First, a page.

T. whereas while Article 64 of new Egyptian Constitution affirms that “freedom of belief is absolute”, Article 65 “guarantees every person the right to express his or her opinion verbally, in writing, through imagery, or by any other means of expression and publication”, Article 98 of the Egyptian Penal Code sets out the punishment of prison sentences of between 6 months and 5 years for those convicted of “exploiting religion in spreading extreme ideas for the purposes of inciting strife, ridiculing or insulting (the Abrahamic faiths) or a sect following it, or damaging national unity”, whereas since 2011 there have been dozens of judicial prosecutions for blasphemy and showing contempt for religion and 27 defendants have been convicted on those charges;

1. Is deeply concerned about the general clampdown on democratic rights in Egypt as freedom of expression and of assembly; considers that no political groups should be excluded or banned on the bases of its principles, recalls that participation in peaceful protests or criticism of the Government should not be grounds for detention or prosecution;

2. Calls the Egyptian authorities to put an end to all acts of harassment, including at judicial level, against activists, journalists, political opposition, human rights defenders and trade unionists; urges them to release prisoners of conscience and to promptly release all the journalists and other media employees imprisoned for carrying out legitimate news reporting activities; as well as individuals in jail without charges such as Ibrahim Halawa;

3. Believes that the law regulating protests is leading to serious breaches of the right to freedom of peaceful assembly; calls Egypt to fulfil its international human rights obligations in this sense;

4. Expresses deep concern on the deliberate use of mass death sentences as an instrument for the arbitrary and politically motivated prosecutions by the State to clamp down on political dissent;

5. Reiterates its strong opposition against the use of the death penalty in all cases and under any circumstances and its call on the Egyptian authorities to introduce a moratorium on executions as a first step towards abolition of capital punishment;

6. Calls the Egyptian judiciary to conduct a review of the handling of these cases and to ensure the defendants' rights to a fair trial based on clear charges and proper and independent investigations, as well as the right of access and contact to lawyers and family members, in line with international standards;

7. Reiterates its condemnation of the military coup d’état and the brutal repression by the Egyptian army; deeply deplores the loss of lives, injuries and destruction in Cairo and other parts of Egypt; reiterates its opinion that the leaders and generals of the Egyptian army cannot offer a way forward to advance the rightful demands of the Egyptian people, as the army’s leadership holds powerful economic positions within Egypt and represents different economic and political interests from those of the workers, the poor and young people who demand social justice and higher living standards;

8. Reiterates its support for the demands made by the Egyptian people for freedom, human dignity, social justice, democracy, respect for human rights, better living conditions and a secular state, and in particular for their demands for wage increases to match price increases, and for housing, health and job creation;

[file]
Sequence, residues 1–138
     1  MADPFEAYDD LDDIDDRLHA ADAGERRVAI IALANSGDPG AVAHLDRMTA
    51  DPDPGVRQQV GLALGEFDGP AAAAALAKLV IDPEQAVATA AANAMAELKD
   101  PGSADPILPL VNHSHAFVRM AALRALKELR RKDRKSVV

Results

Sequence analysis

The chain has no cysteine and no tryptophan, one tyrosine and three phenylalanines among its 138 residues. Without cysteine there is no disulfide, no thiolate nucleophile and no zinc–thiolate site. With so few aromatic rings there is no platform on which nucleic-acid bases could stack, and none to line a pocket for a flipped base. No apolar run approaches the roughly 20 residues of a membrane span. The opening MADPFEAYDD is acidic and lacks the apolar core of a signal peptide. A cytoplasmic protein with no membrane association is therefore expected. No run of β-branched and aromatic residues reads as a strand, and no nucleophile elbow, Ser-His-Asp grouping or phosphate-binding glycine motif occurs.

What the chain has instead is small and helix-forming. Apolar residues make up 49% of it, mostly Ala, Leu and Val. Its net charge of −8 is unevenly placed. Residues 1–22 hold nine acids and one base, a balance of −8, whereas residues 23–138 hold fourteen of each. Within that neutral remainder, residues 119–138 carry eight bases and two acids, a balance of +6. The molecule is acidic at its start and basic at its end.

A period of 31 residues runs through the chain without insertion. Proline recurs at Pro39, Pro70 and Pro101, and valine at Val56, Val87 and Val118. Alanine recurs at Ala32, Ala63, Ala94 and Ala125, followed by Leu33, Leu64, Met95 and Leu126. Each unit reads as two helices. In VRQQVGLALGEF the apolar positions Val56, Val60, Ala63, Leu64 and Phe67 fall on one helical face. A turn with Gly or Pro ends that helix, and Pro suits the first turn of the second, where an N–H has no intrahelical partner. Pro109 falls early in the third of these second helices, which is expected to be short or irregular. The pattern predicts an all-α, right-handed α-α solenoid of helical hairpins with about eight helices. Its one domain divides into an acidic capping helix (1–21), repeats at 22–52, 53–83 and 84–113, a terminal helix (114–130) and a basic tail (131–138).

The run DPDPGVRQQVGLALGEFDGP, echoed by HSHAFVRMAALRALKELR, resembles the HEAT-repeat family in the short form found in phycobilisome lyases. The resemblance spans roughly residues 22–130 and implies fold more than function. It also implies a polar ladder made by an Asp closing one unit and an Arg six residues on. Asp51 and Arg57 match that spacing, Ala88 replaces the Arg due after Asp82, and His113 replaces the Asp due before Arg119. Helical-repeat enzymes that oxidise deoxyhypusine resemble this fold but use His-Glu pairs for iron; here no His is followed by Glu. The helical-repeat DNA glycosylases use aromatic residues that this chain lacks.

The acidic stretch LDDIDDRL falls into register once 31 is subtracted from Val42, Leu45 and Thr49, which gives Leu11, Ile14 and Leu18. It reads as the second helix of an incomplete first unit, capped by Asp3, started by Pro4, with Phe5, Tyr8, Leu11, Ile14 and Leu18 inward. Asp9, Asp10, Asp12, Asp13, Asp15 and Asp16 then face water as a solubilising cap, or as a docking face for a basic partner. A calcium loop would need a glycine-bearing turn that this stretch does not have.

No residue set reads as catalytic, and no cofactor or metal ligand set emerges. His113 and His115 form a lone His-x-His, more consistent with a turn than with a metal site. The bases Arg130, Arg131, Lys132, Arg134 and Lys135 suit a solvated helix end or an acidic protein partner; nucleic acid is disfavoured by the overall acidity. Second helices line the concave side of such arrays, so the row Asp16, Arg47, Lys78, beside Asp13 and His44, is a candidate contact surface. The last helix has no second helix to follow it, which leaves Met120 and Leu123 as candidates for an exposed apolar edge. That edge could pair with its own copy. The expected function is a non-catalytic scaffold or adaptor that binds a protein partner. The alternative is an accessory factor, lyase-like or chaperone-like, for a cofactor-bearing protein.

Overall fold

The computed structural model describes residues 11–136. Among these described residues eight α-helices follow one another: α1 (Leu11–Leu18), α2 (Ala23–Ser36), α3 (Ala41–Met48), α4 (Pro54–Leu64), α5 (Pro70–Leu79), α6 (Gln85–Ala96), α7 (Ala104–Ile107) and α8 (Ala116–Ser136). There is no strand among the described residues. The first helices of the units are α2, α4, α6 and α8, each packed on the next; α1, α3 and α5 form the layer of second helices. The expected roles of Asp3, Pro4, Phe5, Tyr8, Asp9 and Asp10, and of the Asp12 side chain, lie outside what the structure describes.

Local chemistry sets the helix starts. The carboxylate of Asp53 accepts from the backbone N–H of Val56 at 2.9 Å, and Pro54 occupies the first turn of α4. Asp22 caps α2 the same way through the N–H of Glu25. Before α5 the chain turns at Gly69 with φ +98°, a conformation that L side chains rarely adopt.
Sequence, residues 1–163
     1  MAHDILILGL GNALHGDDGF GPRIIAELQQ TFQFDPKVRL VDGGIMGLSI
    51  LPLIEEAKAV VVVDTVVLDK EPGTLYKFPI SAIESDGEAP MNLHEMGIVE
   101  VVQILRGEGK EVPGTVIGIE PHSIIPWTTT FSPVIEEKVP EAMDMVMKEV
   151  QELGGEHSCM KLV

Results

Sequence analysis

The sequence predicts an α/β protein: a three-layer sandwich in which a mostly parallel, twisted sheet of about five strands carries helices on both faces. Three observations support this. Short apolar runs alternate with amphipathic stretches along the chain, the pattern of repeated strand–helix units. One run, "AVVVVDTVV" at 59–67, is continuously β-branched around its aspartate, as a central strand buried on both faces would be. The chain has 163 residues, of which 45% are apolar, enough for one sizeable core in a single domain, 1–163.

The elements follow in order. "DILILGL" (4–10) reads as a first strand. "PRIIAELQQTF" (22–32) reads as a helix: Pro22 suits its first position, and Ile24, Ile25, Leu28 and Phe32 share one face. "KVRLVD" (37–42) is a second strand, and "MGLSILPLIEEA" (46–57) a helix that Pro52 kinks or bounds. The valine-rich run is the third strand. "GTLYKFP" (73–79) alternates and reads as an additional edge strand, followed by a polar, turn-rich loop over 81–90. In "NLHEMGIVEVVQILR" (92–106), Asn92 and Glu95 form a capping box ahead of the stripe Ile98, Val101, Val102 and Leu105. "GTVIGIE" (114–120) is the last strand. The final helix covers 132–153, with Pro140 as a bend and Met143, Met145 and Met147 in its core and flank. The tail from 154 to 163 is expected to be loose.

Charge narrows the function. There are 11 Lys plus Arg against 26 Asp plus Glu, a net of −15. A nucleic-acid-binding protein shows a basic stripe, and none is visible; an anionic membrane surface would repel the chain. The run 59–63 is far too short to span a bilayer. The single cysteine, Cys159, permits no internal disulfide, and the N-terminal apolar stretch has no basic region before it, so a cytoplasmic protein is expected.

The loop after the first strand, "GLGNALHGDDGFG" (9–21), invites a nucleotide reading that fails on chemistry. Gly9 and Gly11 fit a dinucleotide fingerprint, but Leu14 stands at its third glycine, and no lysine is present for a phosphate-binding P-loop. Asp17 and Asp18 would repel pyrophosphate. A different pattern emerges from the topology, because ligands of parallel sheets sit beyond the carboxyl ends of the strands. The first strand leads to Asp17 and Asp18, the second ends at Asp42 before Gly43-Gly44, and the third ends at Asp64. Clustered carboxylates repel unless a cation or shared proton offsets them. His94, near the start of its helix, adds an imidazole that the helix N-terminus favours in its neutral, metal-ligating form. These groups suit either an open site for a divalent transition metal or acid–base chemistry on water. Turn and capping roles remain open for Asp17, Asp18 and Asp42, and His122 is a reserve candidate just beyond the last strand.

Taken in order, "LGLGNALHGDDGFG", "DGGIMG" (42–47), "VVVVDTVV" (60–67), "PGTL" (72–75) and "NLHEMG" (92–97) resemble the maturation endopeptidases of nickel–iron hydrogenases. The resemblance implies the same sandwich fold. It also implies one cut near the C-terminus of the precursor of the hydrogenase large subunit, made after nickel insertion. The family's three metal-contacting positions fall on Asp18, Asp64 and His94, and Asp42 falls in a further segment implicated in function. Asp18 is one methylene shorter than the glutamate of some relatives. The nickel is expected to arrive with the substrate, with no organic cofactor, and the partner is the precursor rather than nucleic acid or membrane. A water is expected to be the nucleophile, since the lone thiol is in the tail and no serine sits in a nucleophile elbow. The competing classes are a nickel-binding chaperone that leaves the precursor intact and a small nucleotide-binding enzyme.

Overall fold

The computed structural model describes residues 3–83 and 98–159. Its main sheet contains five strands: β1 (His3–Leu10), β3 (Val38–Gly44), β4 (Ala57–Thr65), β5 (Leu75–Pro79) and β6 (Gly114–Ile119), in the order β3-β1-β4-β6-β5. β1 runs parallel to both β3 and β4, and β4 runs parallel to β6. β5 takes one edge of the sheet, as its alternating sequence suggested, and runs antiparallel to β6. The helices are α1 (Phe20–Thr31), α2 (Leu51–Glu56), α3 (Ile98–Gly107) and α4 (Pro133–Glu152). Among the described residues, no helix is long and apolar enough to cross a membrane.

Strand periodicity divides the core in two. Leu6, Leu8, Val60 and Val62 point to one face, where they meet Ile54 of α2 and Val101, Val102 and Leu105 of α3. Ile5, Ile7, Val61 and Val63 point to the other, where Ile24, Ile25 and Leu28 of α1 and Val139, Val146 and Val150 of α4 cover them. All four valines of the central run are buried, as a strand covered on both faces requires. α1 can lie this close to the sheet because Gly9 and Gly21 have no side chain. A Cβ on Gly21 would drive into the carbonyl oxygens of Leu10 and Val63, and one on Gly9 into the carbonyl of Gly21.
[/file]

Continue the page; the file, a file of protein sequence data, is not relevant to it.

9. Insists that the future of Egypt must rest firmly in the hands of the Egyptian people, without any external interference; is opposed to any external interference, namely by the US, Israel or Saudi Arabia; is convinced that neither the Egyptian military, the Muslim Brotherhood nor a return of elements from the former Mubarak regime can represent a step towards addressing the rightful aspirations of the Egyptian masses;

10. Calls for an independent and impartial committee of inquiry to be set up to investigate breaches of human rights committed during Mubarak’s regime, Morsi’s presidency and following the military coup d’état, including cases of extrajudicial execution and arbitrary arrest, and for those responsible to be identified and, where appropriate, brought to justice, with compensation offered to victims and their families; - arbitrary arrests, human right violations committed by security forces, including the arrest of media professionals and activists and their ill-treatment in detention;

11. Calls the EU Member States for a ban on export of security equipment and military aid to Egypt that could be used to suppress peaceful protest and dissent:

12. Reiterates its call to the Egyptian authorities to urgently re-open the Rafah border to alleviate the suffering of the Palestinian people that is being attacked by Israel and expresses deep concern about the situation of the Palestinian people in the Gaza Strip; condemns the on-going massacre by the Israeli army that has killed in the last days at least 172 Palestinians, among them at least 133 civilians, 36 children and 26 women;

13. Instructs its President to forward this resolution to the Vice-President of the Commission / High Representative of the Union for Foreign Affairs and Security Policy, the governments and parliaments of the Member States, the Parliamentary Assembly of the Union for the Mediterranean, the African Union and the Government and Parliament of Egypt.